Cloughjordan remembers ‘thoughtful’ Thomas MacDonagh

Tipperary community unveils life-size statue of Rising leader and poet executed in 1916

One hundred years after his execution by firing squad, the people of Cloughjordan in Co Tipperary have unveiled a statue to their native son and signatory of the Proclamation Thomas MacDonagh. Video: Ronan McGreevy

 

One hundred years after his execution by firing squad, the people of Cloughjordan in Co Tipperary have unveiled a statue to their native son and signatory of the Proclamation Thomas MacDonagh.

The memorial committee could not decide whether MacDonagh should be depicted in civilian or military garb so a vote was taken on it and a compromise was made.

The bronze statue in the Main Street depicts MacDonagh in civilian attire reading the Proclamation – though not reading it out – his Irish Volunteer cap on the ground beside him.

The unveiling of the statue followed a weekend of activities in Cloughjordan including the annual summer school.

It will be a permanent reminder of the centenary commemorations of the Easter Rising along with a memorial garden in the town which is currently under construction.

MacDonagh’s parents, Joseph and Mary Louise, were schoolteachers in Cloughjordan and Thomas, who was born in 1878, spoke fondly of his upbringing in the town.

The €20,000 statue was created by Australian-born, but now Mayo-based sculptor Mark Rode who had never heard of MacDonagh before he was approached.

“He was a teacher, a poet and seemed to be quite a creative, thoughtful man and I tried to find a thread to relate to that man,” he said. “I wanted to bring out the humanity in the guy, not something too stiff or too military.”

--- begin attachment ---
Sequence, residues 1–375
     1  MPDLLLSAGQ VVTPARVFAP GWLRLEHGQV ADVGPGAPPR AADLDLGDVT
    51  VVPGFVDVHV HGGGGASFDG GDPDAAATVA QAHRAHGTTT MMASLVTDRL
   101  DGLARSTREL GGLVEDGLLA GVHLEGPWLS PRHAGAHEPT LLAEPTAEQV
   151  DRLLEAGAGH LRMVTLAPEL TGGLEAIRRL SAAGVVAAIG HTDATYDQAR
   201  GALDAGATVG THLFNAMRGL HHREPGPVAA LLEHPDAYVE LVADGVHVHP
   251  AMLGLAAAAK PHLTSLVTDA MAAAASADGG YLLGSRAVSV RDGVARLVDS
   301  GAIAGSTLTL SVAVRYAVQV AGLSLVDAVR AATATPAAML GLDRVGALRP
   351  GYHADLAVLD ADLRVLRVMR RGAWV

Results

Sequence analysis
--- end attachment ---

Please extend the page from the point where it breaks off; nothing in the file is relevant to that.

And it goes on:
MacDonagh’s foot is thrust forward symbolising a future he would do much to create, but never see.

The statue is life-size. The record shows that MacDonagh was a short man at 5ft 6ins tall.

Poems

At the base of the statue are two poems. May Day by MacDonagh speaks of his love of place and for the “quickened solitude when the winds from Slieve Bloom set the branches there a-quiver”. The other, better known, is Francis Ledwidge’s Lament for Thomas MacDonagh. “He shall not hear the bittern cry/ In the wild sky, where he is lain/ Nor voices of the sweeter birds/ Above the wailing of the rain.”

It was a proud day for the three generations of MacDonagh’s descendants who were present. MacDonagh’s granddaughter Muriel McAuley did the unveiling following a parade through the main street of Cloughjordan which was interrupted by a few squally showers.

She spoke of the “friendship and connection” between the MacDonagh family and Cloughjordan which has endured through the generations.

“None of us were born here, but all of us understand the large influence it had on him.”

She pronounced herself delighted at the statue and said it captured the essence of her grandfather, his vision and also his likeness.

Also present was her son Paul McAuley, her daughter Michelle Drysdale, MacDonagh’s great-granddaughter and her two children, Grace (5) and Matthew (3). Matthew clambered on to the statue after it was unveiled.

“It has been inspiring for us as a family to see everyone taking the commemorations to heart. I’m so proud and I’m inspired by him,” Ms Drysdale said.

“He had such belief in this cause for future generations. He was prepared to put his life on the line for it. We all have our duty to take pride in everything that is amazing about being Irish. This year has really reinstated that for me and a great grá for my country.”

MacDonagh was one of first three leaders of the Rising, along with Patrick Pearse and Thomas MacDonagh, to be executed. He died on May 3rd, 1916.